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Het noordwater by Ian McGuire

Het noordwater (original 2016; edition 2017)

by Ian McGuire, Otto Biersma, Luud Dorresteyn

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7896317,799 (3.98)164
Title:Het noordwater
Authors:Ian McGuire
Other authors:Otto Biersma, Luud Dorresteyn
Info:Amsterdam Cargo 2017
Collections:Your library

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The North Water by Ian McGuire (2016)

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Showing 1-5 of 66 (next | show all)
An unremittingly brutal novel, pervaded by doom. I found it compelling.

The protagonist is an opium-addled Irish surgeon (nod to Stephen Maturin), disgraced and disfigured by his less-than-creditable service in the suppression of the Sepoy Mutiny, who ships on a doomed whaler bound for Greenland in the final days of the whaling trade. The villain, a harpooner, is a force of nature. The main villain, of course, is nature. There is casual murder, premeditated murder, rape, theft, robbery, maulings, privation, shipwreck, disease, insurance fraud, and all manner of brutality to men, boys, and beasts. All good fun.

Colm Toibin: “‘The North Water’ feels like the result of an encounter between Joseph Conrad and Cormac McCarthy in some run-down port as they offer each other a long, sour nod of recognition.” I do think that this is easier to stomach than McCarthy. ( )
1 vote k6gst | Mar 19, 2019 |
In looking for something different and a little outside our comfort zone, this month’s read has stretched the limits for all of us. The North Water is without a doubt a confrontational read. It drags you into a world that you would never want to enter (given the choice), yet as readers we willing take the journey and the suffering, along with the characters.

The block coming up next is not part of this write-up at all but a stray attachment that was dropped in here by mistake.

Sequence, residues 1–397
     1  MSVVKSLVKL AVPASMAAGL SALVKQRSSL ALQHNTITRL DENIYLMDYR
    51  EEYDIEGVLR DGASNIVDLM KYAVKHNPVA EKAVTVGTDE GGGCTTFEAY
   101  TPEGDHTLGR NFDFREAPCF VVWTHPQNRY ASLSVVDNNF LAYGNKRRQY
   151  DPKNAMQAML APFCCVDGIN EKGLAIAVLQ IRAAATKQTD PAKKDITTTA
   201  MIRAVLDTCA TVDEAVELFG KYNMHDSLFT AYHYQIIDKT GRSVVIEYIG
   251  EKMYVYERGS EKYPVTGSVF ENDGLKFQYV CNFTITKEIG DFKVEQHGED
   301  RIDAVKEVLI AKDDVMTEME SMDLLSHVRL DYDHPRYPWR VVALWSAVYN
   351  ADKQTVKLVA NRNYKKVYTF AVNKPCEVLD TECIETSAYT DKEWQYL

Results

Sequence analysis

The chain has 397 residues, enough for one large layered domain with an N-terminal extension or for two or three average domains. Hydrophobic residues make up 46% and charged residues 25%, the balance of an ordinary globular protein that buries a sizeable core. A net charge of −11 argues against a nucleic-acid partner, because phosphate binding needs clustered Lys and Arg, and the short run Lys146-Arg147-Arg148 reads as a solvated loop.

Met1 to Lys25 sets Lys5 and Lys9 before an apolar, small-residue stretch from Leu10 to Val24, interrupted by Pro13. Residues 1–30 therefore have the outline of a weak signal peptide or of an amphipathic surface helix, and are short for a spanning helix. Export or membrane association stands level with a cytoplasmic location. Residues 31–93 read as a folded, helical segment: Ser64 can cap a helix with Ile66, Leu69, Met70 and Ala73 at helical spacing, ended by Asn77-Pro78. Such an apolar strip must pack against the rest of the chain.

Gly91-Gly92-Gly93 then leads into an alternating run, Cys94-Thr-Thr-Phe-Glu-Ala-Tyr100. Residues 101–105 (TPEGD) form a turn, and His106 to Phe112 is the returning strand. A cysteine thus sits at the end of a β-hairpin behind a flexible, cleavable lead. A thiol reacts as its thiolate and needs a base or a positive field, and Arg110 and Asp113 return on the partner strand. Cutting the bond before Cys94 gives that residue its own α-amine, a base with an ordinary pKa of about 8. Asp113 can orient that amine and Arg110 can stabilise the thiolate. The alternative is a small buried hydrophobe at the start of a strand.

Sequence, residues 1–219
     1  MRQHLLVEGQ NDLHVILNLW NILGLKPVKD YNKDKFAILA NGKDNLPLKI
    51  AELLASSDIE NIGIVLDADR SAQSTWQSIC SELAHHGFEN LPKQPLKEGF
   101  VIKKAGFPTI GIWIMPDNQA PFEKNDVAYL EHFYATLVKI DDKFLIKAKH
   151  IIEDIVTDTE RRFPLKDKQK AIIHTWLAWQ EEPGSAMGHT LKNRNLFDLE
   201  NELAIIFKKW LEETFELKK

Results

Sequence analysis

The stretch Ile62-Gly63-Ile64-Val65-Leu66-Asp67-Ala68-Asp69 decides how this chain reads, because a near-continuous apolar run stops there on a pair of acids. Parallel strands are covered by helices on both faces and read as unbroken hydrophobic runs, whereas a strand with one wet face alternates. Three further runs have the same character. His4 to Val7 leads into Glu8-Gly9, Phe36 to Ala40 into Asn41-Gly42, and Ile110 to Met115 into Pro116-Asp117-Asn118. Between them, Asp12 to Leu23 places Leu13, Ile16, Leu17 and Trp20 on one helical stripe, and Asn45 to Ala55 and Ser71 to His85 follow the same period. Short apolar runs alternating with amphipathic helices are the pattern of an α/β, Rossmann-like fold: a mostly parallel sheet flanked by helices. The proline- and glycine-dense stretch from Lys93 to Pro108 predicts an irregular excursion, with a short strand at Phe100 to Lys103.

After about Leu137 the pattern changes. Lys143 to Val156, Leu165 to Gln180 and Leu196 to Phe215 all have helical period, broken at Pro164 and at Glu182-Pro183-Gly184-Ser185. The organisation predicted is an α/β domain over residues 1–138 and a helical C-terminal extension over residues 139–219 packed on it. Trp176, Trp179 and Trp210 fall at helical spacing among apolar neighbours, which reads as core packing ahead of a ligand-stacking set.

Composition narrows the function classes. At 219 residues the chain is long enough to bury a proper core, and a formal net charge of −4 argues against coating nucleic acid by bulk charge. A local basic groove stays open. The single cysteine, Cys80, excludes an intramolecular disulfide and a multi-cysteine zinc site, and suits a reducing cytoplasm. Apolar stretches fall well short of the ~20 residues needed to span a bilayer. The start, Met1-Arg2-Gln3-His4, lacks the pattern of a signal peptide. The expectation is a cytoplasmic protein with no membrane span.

Most of our members agreed on these observations; intriguing, dark, graphic, well-written, provocative and challenging. There are no redeeming characters, the cruelty and greed is overwhelming, and the extreme violence devastating. Yet, the majority of us could not put this book down. Some found the more violently graphic parts needed to be quickly read over or skipped altogether, but overall they found themselves totally engrossed within the story. The hostile environment certainly contributed to the drama, along with the human and natural conflicts. Most of us will never experience such isolation and danger, yet McGuire does an admirable job of making you wonder exactly how you would survive such an ordeal.
Is it possible to enjoy a book with such bleak and sinister content? We had a good discussion on just what makes a book ‘enjoyable’, and what do we look for in a good read. Does every character and every plot have to conform to our amiable senses? When talking literature, we decided that well-written, thought out storylines and realistic language and characters far more important than ‘keeping things affable’. The real question is … how far are you willing to travelling outside our own comfort zone for a good read? ( )
1 vote jody12 | Mar 19, 2019 |
If it accomplishes anything, it paints a gruesome picture of a certain segment of society at the tail end of the whaling boom. The writing is artful in it's brutality but it's challenging to find a purpose for that brutality. It feels a bit like an action movie with little to say about the true motivations of man. ( )
1 vote alexezell | Nov 14, 2018 |